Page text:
Andy Johnson-Laird, President of Johnson-Laird, Inc., was kind enough to offer advice on three security techniques he recommends to detect and deny hackers, such as those we discussed in last week’s blog post.

  1. Intrusion Detection Systems identify external probing or port scanning of known IP addresses. He describes it as “the equivalent of lying in bed at night and listening for someone rattling your front door handle. It’s a more or less constant rattling when it comes to port scanning.” See https://en.wikipedia.org/wiki/Intrusion_detection_system.
  2. Network Address Translation (NAT-ing) prevents the routing of internal IP addresses. Internal IP addresses will be selected from the range of “non-routable” addresses reserved by the Internet Engineering Task Force and the Internet Assigned Numbers Authority. See https://en.wikipedia.org/wiki/Reserved_IP_addresses.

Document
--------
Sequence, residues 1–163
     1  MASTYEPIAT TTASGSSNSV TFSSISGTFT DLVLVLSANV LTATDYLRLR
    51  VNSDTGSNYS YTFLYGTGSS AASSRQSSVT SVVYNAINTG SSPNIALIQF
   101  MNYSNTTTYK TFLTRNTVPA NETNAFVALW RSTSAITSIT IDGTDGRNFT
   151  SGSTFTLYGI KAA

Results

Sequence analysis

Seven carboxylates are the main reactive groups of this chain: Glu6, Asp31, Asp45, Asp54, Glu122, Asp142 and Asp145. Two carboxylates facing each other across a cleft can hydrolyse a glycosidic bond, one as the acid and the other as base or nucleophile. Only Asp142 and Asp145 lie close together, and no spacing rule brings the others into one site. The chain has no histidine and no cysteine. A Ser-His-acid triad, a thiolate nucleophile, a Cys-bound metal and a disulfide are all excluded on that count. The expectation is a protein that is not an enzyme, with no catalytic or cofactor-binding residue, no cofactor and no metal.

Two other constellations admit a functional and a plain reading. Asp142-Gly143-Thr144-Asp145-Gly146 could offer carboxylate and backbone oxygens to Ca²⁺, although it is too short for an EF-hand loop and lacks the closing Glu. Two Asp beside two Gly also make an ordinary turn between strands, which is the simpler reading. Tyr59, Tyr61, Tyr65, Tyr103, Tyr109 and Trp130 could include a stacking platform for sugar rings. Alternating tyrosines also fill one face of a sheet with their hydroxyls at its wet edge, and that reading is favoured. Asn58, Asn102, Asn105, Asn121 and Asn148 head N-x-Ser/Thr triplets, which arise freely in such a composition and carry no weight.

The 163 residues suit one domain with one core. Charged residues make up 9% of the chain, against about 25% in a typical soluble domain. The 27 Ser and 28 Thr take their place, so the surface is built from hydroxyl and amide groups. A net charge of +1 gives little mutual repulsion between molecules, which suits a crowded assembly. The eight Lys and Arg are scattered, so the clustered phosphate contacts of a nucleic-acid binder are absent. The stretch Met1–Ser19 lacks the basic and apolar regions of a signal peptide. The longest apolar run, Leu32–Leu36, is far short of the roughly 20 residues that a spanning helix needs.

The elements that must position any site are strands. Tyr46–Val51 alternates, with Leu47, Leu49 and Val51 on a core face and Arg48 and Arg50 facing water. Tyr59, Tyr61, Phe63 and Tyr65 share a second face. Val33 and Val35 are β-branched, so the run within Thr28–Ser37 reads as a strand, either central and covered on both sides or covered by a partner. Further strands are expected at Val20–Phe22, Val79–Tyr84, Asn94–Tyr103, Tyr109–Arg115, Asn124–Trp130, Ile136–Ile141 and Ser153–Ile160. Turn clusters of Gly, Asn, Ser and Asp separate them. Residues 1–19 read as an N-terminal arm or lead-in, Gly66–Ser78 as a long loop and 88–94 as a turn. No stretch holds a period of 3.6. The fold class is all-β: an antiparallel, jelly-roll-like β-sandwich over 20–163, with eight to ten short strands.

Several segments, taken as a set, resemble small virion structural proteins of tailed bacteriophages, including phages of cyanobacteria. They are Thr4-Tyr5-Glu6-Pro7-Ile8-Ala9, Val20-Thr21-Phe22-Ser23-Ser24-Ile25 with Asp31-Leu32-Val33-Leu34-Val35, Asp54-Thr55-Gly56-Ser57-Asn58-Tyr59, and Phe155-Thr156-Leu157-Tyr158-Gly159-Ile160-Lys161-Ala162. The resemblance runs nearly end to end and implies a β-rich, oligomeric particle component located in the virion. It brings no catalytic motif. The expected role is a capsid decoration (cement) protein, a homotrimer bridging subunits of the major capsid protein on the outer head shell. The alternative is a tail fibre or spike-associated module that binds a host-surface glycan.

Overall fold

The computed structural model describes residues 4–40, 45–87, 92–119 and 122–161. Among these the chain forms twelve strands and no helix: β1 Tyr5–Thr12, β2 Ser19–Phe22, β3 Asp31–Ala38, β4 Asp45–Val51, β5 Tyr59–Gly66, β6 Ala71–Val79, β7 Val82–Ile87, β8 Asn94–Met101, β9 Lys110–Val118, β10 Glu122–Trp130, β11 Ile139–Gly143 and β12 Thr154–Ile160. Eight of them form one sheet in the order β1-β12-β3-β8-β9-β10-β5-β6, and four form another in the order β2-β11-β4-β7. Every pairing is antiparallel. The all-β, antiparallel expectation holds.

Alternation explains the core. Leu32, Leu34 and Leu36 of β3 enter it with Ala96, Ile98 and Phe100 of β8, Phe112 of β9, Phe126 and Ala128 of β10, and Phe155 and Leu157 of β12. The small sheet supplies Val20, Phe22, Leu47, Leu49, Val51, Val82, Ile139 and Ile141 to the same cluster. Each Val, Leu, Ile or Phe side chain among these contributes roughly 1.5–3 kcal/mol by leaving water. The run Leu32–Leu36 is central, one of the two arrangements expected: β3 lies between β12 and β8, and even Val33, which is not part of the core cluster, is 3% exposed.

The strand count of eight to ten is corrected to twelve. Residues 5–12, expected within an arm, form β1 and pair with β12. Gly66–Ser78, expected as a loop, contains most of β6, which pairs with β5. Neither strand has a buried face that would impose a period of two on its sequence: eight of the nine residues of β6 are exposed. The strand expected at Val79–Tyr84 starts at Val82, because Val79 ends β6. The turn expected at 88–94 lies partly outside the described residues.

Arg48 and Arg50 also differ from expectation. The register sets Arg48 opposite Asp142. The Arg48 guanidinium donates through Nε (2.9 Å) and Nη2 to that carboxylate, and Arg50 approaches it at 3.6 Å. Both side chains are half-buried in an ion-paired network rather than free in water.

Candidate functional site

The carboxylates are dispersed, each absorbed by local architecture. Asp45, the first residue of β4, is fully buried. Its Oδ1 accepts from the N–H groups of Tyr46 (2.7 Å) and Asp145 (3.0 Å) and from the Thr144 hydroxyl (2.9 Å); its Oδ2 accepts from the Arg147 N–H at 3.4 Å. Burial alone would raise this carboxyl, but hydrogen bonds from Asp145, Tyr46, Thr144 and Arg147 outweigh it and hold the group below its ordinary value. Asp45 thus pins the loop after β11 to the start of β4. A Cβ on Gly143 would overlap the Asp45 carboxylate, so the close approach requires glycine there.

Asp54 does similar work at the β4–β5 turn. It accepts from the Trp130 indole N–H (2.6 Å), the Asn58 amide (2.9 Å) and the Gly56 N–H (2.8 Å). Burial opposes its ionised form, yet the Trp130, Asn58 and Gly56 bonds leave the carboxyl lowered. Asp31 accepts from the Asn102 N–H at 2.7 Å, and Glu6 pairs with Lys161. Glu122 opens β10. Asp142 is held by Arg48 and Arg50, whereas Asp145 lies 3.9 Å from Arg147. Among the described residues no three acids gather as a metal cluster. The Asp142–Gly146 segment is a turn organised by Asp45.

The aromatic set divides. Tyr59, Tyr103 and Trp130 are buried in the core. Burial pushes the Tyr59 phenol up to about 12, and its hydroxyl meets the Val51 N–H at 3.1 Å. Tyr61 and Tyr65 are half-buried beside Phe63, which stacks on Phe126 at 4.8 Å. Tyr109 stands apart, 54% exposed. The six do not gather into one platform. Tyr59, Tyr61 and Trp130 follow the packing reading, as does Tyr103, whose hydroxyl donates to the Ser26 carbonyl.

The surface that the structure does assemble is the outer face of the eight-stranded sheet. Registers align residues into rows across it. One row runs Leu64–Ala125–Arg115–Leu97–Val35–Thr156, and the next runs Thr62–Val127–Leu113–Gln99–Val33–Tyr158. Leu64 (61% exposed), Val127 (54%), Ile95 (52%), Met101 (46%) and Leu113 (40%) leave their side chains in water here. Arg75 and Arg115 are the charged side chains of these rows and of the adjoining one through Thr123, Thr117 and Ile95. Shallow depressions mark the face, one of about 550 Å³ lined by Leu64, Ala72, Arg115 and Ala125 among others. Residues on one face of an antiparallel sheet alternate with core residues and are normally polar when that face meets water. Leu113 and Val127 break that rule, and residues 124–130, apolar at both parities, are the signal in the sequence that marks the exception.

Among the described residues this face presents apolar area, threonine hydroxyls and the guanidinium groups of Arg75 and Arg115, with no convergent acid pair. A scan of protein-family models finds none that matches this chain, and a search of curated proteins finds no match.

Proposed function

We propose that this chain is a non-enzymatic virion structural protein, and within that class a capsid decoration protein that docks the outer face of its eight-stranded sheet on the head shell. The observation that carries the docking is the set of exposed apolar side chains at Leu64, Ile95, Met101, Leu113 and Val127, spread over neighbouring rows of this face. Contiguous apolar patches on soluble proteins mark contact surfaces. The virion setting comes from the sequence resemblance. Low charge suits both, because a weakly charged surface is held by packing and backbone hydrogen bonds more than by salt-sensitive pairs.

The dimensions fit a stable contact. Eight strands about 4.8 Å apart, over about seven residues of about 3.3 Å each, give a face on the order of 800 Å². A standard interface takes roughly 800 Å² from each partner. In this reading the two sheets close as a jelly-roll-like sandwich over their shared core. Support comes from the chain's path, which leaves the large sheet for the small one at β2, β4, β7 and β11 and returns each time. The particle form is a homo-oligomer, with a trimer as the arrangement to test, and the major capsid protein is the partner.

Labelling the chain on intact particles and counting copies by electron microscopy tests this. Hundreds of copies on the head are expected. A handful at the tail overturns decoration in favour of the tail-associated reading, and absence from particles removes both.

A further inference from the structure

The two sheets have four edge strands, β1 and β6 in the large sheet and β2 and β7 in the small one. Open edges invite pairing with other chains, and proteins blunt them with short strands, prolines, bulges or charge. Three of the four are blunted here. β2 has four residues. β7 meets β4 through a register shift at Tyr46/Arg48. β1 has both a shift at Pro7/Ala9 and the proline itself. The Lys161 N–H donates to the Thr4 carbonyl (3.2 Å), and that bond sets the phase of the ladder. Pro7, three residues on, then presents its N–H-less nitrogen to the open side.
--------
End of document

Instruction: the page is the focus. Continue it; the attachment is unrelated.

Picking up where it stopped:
3. Internet Protocol Security (IPSec) is an end-to-end security scheme that requires mutual authentication at the beginning of communication and the negotiation of cryptographic keys during the session. See https://en.wikipedia.org/wiki/IPsec.

News Flash, May 12, 2016:

The Department of Justice proposed that the biometric database the FBI has been amassing for eight years should be exempt from privacy laws.[1] If approved, the proposal would free the FBI to save images of faces, handprints, tattoos, iris scans and biographies of people who don’t know of the existence of, let alone the content of, their files. The largely unvetted findings of investigations other federal agencies conducted on job applicants will also be included in the database. In a nutshell, anyone could be detrimentally affected based on inaccurate information and never know it.